UK financial services firm, Deloitte has told all 20,000 of its UK employees they will be able to choose when, where and how they work in the future once it is safe to do so.
Chief executive, Richard Houston, explained he won’t be setting the number of days for people to be in the office or in specific locations. “That means that our people can choose how often they come to the office, if they choose to do so at all, while focusing on how we can best serve our clients," he said.
The announcement on 18 June came after Deloitte surveyed its people and found 96 per cent said they want to have the freedom to choose how flexibly they will work in the future. Eighty-one per cent plan on working from a Deloitte office for up to two days a week.
Mr Houston commented: "The impact of the pandemic has profoundly changed our way of life, not least in the way we work.
“The last year has really shown that one size does not fit all when it comes to balancing work and personal lives. It has also shown that we can trust our people to make the right choice in when, how and where they work.”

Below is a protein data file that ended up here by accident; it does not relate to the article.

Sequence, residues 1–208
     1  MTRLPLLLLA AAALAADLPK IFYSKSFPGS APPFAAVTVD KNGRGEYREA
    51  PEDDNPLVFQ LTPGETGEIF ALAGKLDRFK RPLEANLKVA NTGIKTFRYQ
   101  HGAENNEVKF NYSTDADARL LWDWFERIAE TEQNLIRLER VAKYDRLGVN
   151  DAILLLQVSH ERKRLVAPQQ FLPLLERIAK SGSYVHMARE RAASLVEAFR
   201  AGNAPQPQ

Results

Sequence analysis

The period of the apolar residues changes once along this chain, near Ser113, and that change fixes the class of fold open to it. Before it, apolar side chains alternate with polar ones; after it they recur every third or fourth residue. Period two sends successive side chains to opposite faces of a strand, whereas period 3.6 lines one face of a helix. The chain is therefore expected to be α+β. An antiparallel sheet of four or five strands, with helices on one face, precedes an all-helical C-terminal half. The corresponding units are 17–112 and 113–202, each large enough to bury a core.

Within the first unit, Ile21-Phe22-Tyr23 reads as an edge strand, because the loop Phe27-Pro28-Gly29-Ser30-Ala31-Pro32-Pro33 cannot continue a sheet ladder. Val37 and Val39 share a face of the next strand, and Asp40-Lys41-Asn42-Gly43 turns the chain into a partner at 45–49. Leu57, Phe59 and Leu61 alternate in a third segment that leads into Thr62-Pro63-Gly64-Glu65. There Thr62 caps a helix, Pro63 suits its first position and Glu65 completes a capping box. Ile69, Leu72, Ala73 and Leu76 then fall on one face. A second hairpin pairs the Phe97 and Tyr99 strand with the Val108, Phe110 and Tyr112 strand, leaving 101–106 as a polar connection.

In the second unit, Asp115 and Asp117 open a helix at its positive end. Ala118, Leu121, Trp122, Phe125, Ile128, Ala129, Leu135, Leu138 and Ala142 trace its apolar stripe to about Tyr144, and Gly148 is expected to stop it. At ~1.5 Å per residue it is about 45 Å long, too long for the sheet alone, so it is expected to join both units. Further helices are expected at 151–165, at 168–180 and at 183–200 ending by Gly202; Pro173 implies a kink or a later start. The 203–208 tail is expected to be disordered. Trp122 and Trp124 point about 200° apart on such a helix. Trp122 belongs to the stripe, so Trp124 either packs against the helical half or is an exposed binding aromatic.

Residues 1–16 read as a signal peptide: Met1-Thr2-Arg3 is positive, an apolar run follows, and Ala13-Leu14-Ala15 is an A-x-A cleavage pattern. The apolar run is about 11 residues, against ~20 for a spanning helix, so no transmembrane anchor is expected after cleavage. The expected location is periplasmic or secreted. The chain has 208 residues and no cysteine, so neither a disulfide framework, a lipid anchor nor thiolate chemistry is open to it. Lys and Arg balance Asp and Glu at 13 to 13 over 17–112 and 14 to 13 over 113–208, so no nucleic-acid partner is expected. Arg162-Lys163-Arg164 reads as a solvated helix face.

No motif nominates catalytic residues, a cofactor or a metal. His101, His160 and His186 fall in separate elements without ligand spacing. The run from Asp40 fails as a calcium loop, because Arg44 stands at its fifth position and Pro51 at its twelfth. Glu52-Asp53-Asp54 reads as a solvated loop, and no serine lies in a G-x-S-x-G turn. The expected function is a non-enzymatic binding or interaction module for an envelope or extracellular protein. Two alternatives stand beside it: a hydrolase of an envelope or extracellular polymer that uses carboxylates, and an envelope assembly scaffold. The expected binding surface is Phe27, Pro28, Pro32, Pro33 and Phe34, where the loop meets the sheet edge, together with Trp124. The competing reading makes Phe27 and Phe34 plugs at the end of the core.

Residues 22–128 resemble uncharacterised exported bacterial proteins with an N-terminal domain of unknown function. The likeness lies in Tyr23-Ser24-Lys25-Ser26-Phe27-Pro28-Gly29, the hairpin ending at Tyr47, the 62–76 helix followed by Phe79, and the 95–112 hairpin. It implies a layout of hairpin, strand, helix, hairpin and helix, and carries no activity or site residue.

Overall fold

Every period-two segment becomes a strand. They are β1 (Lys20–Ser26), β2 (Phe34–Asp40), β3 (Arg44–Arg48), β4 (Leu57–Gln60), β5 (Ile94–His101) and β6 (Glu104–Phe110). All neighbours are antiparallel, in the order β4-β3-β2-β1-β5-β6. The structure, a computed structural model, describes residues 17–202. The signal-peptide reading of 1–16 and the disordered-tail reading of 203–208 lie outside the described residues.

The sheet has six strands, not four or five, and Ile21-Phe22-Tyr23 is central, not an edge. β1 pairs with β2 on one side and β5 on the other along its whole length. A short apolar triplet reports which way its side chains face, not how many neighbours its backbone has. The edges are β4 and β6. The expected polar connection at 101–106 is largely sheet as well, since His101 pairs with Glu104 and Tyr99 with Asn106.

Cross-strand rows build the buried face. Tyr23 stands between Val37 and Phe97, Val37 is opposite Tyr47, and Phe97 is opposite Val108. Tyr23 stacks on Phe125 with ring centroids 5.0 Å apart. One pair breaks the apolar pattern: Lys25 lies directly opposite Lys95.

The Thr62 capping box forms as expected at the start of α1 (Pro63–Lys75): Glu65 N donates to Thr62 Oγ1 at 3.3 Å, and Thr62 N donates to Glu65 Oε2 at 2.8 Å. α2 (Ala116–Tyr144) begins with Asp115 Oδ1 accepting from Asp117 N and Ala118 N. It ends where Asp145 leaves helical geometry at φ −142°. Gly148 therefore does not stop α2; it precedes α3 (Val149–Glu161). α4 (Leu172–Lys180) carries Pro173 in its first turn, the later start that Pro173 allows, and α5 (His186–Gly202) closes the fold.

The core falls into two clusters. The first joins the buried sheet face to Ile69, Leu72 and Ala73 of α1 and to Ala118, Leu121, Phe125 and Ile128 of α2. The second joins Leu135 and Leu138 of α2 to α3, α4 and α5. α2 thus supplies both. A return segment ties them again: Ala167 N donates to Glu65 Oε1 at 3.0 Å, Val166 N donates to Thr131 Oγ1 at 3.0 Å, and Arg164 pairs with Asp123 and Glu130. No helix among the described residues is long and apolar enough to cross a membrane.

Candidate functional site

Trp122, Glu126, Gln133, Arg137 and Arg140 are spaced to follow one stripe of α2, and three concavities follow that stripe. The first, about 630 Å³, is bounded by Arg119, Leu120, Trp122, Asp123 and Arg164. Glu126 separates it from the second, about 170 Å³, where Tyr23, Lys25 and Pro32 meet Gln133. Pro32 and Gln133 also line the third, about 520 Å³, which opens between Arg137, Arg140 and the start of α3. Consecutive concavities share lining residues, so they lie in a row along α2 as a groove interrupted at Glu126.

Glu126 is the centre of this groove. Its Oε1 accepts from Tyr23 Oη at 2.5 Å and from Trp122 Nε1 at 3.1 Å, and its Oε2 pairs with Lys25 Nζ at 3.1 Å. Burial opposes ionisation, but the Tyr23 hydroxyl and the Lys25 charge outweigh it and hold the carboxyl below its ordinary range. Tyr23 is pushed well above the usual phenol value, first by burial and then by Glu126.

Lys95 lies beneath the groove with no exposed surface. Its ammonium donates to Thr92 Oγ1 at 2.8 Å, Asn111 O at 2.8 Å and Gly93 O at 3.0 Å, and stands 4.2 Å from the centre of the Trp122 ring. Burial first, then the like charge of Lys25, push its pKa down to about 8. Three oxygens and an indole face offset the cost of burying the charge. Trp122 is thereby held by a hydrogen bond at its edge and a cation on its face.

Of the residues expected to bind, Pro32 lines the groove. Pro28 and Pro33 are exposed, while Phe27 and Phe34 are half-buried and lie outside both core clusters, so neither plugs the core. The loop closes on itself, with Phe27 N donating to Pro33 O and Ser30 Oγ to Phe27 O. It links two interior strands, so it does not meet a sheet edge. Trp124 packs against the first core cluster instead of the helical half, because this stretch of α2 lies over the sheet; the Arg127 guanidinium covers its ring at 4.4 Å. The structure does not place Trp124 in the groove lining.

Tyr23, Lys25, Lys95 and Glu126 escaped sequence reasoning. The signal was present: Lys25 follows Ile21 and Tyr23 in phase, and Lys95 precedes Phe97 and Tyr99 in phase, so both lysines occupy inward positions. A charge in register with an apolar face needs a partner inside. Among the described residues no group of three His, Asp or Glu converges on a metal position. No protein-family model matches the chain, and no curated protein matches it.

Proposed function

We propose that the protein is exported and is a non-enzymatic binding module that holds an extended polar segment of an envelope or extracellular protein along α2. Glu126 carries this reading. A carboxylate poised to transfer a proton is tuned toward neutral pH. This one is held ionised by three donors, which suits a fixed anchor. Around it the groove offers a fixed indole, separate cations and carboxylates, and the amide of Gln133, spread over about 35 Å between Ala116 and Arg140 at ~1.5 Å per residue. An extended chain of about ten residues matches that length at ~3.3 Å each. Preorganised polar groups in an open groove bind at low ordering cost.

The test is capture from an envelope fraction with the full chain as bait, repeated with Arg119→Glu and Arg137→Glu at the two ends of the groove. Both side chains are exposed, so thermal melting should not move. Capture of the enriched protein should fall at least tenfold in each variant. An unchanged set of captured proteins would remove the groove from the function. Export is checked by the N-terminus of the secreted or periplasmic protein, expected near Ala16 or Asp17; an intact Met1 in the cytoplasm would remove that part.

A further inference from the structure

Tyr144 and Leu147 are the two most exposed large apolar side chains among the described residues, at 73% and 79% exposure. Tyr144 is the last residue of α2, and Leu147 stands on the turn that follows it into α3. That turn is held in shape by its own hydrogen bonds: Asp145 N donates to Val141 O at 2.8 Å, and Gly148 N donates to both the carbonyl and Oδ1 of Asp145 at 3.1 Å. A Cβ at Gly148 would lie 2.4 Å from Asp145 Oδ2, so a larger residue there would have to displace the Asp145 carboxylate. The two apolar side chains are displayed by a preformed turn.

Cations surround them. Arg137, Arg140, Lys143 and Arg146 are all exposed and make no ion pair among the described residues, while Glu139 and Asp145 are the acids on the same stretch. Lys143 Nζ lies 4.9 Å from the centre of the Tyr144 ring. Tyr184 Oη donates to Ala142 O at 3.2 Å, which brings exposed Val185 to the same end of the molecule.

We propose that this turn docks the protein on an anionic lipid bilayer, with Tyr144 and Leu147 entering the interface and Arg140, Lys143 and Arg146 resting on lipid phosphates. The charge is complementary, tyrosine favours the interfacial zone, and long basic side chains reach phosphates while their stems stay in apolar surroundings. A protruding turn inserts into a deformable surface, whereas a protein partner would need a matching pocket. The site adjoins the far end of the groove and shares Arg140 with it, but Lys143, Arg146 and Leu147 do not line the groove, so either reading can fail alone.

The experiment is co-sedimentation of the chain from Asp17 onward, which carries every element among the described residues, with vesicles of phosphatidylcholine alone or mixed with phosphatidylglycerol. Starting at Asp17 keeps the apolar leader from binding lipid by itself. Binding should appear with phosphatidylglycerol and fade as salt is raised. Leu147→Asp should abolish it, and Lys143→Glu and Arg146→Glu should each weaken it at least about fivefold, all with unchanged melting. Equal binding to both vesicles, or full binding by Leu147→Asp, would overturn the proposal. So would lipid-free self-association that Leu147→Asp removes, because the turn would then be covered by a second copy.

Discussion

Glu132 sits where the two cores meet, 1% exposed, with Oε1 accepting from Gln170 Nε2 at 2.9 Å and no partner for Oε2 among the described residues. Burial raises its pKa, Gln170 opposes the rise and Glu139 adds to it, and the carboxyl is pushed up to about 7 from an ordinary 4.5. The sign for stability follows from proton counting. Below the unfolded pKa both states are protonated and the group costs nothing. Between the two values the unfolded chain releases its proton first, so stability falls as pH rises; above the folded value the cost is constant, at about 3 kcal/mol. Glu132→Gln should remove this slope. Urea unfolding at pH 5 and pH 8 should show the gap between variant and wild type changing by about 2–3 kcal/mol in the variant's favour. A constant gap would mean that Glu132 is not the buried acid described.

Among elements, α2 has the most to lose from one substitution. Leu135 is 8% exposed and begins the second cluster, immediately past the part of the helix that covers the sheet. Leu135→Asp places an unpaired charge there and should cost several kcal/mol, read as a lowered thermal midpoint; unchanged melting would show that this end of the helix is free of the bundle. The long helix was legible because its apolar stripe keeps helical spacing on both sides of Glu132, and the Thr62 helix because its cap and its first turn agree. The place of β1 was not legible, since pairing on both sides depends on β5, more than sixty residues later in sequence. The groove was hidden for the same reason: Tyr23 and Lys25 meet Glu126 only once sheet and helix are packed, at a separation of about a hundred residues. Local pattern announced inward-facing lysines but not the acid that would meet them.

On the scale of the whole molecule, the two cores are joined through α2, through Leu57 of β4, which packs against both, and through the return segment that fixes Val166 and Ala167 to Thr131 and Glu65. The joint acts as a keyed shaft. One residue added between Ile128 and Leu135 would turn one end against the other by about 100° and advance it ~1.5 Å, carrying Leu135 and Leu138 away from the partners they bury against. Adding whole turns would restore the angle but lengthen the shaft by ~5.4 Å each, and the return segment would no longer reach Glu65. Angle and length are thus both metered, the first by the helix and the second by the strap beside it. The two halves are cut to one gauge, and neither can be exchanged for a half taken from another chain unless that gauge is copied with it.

Deloitte anticipates its office buildings being used mainly for team collaboration, training and client meetings.
The company plans to use feedback from clients and its people to help shape hybrid working in the months ahead.
Houston added: " This is a fantastic opportunity for us to embrace the benefits from the last 16 months of being able to spend more time at home, while our people can be flexible in the way they work and reconnect with their colleagues and the office as needed.”
He added that it will also be critical that the future of work is ‘inclusive for all of our people.’
Watch out for the July issue of Safety Management, which will focus on hybrid working: are we ready for it?
By Belinda Liversedge on 13 July 2021
Experience has taught us that we can’t guarantee people will behave responsibly to prevent Covid transmission and wear masks, the chair of the British Safety Council has warned.
By Belinda Liversedge on 12 July 2021
The success of a pilot to trial the four-day working week in Iceland should be noted by other governments, the think tank which led the project has said.
By Belinda Liversedge on 09 July 2021
Employers will still have to take precautions to reduce Coronavirus transmission in workplaces, even if England fully unlocks on 19 July, say lawyers.